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Multimedia as a Cross-Channel for Cultures and Languages

Multimedia as a Cross-Channel for Cultures and Languages
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Author(s): Ramesh C. Sharma (Indira Gandhi National Open University, India) and Sanjaya Mishra (Indira Gandhi National Open University, India)
Copyright: 2009
Pages: 7
Source title: Encyclopedia of Distance Learning, Second Edition
Source Author(s)/Editor(s): Patricia L. Rogers (Bemidji State University, USA), Gary A. Berg (California State University Channel Islands (Retired), USA), Judith V. Boettcher (Designing for Learning, USA), Caroline Howard (HC Consulting, USA), Lorraine Justice (Hong Kong Polytechnic University, Hong Kong) and Karen D. Schenk (K. D. Schenk and Associates Consulting, USA)
DOI: 10.4018/978-1-60566-198-8.ch210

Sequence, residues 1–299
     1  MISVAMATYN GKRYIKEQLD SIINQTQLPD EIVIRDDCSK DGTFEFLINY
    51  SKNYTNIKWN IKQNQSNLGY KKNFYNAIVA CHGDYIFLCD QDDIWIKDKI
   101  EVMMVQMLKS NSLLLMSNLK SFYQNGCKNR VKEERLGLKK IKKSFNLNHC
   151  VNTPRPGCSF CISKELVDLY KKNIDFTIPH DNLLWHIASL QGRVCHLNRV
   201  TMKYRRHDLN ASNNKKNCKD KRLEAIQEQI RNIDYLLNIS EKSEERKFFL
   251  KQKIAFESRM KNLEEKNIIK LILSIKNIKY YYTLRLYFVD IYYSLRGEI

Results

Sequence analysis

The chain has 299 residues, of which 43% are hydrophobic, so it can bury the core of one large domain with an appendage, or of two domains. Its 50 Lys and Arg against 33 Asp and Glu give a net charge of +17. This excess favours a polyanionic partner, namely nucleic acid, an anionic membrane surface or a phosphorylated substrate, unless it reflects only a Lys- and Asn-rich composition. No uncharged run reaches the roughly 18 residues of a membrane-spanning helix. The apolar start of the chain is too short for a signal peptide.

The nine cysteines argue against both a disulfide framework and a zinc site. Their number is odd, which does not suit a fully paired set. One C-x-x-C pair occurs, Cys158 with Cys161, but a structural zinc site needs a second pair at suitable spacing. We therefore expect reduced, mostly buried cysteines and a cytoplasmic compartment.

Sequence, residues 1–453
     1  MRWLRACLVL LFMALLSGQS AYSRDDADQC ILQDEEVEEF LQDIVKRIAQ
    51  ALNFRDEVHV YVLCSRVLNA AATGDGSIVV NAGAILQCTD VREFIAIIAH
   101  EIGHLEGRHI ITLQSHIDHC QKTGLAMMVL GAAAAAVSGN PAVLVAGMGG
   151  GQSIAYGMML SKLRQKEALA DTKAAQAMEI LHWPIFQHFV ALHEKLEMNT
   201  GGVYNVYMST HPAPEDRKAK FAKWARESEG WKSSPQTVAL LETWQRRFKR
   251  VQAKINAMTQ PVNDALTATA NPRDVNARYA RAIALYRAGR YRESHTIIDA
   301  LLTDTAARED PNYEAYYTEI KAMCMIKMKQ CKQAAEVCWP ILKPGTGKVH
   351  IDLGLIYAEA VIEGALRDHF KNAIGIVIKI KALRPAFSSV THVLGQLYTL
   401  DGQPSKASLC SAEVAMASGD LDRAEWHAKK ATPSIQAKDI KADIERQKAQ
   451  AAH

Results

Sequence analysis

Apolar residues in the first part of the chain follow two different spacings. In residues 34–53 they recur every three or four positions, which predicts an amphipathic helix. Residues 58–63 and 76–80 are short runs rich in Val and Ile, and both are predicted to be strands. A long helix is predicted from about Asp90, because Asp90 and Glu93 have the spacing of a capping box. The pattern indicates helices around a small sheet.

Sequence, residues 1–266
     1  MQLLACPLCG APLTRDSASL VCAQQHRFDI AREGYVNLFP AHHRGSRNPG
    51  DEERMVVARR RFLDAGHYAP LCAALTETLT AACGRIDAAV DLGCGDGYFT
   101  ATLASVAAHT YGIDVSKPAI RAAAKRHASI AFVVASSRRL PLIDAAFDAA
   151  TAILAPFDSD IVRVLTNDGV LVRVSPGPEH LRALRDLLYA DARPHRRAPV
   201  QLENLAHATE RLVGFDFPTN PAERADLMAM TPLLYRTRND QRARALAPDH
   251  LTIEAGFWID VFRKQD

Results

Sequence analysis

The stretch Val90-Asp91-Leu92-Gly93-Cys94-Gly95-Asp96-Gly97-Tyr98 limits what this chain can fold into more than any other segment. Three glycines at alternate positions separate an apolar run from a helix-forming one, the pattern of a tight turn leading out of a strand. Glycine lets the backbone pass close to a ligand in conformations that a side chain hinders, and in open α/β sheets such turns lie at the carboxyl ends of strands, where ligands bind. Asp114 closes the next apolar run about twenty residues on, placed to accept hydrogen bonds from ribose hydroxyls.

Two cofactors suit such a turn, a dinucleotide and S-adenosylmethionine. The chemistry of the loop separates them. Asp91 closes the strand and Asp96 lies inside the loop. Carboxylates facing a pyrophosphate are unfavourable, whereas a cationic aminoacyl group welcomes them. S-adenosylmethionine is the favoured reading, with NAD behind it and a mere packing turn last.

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Around the world many communities have been constantly struggling to maintain their customs, traditions and language. Many communities have been on the move from place to place due to various factors of social change, such as war, search of food, land, and climatic calamities. Such forces have given rise to different cultures and languages through fusion or the creation of new cultures. The cultures not only exist within nationalities and ethnic groups, but also within communities, organizations and other systems. A language is an integral component of cultural identification (Rogers & Steinfatt, 1999). Matsumoto (1996, p. 16) defined culture as, “the set of attitudes, values, beliefs, and behaviours shared by a group of people, but different for each individual, communicated from one generation to the next.” A culture is dynamic in nature; if static, it will cease or lose its identity in due course of time. Cultural values are affected and reinforced by languages. A language is a representation of a different way of thinking as well as a different way of speaking. Languages have significant influence on the cognition (Gudykunst & Asante, 1989; Pincas, 2001).

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